Joff Wild

Microsoft haters are not going to like it, but the company's patent portfolio has been recognised once again for its quality. For the third consecutive year, the Institute of Electrical and Electronics Engineers has rated the company's portfolio as the strongest in the software industry; while the Patent Board ranks Microsoft as number one in information technology. This follows on from a report, based on research undertaken by Ocean Tomo's patent ratings business, and published earlier this year in Business Week, which named Microsoft as having the most valuable patent portfolio. To round things off, in the last issue of IAM we published a ranking of which law firms secure the highest quality US patent grants for their clients: Lee & Hayes, which has done prosecution work for Microsoft for over a decade, came top.

As part of the article around our law firm patent quality rankings I interviewed Bart Eppenauer, Microsoft's chief patent counsel, about the procurement programme the company has. Microsoft certainly invests a great deal of time and money in identifying potential patents, drafting well-crafted applications and then prosecuting them at the USPTO. And Eppenauer was clear that quality is a driving factor behind all of this:

Eppenauer cites the importance of quality in underpinning both collaborative and licensing deals; but there is more to it than that. "It allows us to put out new products and to know that we can meet the cost demands of doing so; while it also gives customers and partners an assurance that we are committed to strong protection," he states. In other words, from a strategic IP perspective, quality patents mean freedom. Not only freedom to operate; but freedom to plan, to develop and to execute. ...

"Patent quality begins with making sure that the invention process is aligned with overall business strategy," [Eppenauer] says. Over time, [he] explains, internal processes have been developed at Microsoft to ensure that both engineers and developers understand the importance of patents and the need to devote time and effort to applications. In practical terms, he continues, that means inventors putting together detailed disclosure documents. Once that is done, outside counsel get involved. "The patent attorney has a meeting with the inventor at which the disclosure document is gone through in detail and any potential problems are discussed." ...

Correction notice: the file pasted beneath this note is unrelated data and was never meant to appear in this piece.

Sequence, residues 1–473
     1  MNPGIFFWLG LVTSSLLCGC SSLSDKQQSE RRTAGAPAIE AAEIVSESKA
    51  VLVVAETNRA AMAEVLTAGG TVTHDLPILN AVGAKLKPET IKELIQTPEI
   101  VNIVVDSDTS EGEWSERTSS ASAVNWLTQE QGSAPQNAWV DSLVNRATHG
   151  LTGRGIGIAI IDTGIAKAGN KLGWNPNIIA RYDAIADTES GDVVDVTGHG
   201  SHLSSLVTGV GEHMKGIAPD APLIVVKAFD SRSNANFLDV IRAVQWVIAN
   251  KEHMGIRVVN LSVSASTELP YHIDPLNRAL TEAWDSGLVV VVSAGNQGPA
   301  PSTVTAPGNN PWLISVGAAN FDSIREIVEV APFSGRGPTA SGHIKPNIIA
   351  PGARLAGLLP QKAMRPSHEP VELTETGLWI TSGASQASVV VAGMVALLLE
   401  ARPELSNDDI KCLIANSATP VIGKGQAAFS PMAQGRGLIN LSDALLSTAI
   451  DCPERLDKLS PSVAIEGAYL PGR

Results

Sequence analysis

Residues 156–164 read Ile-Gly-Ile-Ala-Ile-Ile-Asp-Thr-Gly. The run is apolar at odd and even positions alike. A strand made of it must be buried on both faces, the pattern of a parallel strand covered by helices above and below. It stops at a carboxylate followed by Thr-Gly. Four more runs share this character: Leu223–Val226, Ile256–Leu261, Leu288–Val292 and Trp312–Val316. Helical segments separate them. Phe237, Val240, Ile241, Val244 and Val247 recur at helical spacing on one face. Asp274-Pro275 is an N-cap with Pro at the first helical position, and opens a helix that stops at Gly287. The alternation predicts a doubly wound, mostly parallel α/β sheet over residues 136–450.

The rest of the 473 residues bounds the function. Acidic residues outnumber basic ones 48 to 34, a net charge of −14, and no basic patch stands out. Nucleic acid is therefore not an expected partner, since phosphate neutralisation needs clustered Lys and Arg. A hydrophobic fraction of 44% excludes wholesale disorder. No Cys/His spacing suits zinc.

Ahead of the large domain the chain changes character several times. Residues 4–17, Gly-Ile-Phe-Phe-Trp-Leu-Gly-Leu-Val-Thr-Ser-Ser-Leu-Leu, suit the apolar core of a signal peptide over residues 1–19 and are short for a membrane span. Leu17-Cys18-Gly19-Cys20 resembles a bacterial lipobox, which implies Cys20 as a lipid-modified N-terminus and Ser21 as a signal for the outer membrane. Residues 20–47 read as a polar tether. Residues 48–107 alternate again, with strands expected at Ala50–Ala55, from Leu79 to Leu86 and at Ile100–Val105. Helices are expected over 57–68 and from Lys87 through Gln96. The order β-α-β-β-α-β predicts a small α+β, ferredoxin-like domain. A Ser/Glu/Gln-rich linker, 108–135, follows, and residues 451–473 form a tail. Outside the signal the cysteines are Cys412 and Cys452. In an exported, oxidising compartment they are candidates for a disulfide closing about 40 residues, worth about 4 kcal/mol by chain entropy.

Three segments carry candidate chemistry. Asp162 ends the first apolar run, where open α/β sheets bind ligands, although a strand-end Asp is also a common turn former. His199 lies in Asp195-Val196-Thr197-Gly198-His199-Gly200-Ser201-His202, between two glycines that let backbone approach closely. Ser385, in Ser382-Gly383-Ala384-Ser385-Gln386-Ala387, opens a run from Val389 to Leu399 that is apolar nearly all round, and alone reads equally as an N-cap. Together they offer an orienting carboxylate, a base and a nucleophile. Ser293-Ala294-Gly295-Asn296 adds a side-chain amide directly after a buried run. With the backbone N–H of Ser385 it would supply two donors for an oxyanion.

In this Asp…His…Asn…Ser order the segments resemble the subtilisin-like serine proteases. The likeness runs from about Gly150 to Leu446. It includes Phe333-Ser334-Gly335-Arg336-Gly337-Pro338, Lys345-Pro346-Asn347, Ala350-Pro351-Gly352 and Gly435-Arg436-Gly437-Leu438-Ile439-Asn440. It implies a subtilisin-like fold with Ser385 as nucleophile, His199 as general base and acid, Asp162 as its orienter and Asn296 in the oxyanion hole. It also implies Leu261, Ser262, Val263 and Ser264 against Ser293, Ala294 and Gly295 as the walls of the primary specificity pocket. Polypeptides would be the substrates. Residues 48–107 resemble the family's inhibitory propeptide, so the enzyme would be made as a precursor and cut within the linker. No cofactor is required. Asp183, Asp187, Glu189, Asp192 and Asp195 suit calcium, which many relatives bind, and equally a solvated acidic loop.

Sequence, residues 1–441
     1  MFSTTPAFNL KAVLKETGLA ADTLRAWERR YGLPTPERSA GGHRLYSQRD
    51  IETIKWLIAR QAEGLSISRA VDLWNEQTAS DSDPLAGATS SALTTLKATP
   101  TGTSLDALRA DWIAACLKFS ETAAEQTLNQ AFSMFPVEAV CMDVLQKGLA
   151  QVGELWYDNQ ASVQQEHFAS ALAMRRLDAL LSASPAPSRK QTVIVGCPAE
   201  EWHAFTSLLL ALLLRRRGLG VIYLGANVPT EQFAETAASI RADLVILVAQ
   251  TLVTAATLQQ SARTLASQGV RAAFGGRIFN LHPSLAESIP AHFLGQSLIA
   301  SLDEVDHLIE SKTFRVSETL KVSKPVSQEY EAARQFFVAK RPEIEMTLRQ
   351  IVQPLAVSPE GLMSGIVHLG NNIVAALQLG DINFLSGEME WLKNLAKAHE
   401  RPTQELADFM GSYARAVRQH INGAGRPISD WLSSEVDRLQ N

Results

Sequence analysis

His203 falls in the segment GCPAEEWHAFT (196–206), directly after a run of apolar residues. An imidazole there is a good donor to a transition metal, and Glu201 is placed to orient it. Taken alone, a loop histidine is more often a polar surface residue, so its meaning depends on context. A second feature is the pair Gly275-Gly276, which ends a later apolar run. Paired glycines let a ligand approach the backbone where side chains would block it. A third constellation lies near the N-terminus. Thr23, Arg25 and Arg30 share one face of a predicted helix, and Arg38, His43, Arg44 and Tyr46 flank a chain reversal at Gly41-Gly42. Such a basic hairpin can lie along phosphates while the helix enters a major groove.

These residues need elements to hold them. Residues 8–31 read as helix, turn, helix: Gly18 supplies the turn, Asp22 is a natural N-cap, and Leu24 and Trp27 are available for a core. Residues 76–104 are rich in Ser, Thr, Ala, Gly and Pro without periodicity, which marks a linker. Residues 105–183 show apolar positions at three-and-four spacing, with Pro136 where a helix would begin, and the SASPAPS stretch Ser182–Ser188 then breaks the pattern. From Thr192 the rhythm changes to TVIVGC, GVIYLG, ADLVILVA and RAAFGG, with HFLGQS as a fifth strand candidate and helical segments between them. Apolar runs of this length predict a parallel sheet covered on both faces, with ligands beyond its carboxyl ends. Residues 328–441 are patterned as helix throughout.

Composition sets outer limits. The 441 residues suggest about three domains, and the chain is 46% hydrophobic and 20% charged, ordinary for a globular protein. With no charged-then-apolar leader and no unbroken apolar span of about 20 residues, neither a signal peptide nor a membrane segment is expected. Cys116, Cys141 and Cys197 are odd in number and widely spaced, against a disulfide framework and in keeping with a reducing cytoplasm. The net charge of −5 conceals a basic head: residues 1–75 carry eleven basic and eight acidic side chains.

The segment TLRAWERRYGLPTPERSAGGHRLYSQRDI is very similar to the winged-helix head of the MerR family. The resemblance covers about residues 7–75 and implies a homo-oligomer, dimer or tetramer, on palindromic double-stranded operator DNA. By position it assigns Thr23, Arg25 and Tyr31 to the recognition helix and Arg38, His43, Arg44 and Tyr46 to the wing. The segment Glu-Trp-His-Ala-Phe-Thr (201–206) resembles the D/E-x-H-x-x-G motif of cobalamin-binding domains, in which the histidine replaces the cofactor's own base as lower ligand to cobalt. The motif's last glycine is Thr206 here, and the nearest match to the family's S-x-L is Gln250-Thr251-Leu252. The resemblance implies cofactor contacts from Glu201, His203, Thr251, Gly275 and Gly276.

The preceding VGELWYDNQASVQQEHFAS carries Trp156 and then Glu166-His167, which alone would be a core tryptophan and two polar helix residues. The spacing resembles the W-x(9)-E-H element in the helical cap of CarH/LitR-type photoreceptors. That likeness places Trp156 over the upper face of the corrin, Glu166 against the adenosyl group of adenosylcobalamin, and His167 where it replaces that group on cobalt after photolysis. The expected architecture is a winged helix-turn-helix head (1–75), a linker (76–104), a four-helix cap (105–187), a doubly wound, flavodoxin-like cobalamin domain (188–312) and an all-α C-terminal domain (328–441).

Although the outside counsel drafts the application after the disclosure meeting with the inventor, not only does the inventor review the subsequent document to ensure that the technology is correctly described, but in-house attorneys will regularly look over what has been prepared to make sure that quality standards are being met. "We have outside counsel guidelines that set out what we like to see in an application and what will be necessary to get over what is a pretty high bar," says Eppenauer.

Of course, when it comes to concepts such as the quality, value and strength of a patent portfolio there are very few, if any, objective measurements. Nothing is being counted and so there is always going to be an element of subjectivity in what is done. However, it cannot be a coincidence that Microsoft heads up so many rankings - clearly they are doing a lot of things very well in Redmond.

This is surely confirmed when you look at the amount of patent licensing deals the company has done over the last five or so years. I do not have an exact figure, but I do know that that last year when we profiled the Microsoft IP operation and Horacio Gutierrez, the man who leads it, over 500 agreements were in place. And since then a number of other deals have been done. Not only is that money coming into the company's coffers, probably more important it guarantees an awful lot of freedom of action and opens up myriad business opportunities in new markets. And that, of course, is exactly what a world class IP strategy is supposed to do. Love it or loathe it, I don't think that you can deny Microsoft is a global leader on that front.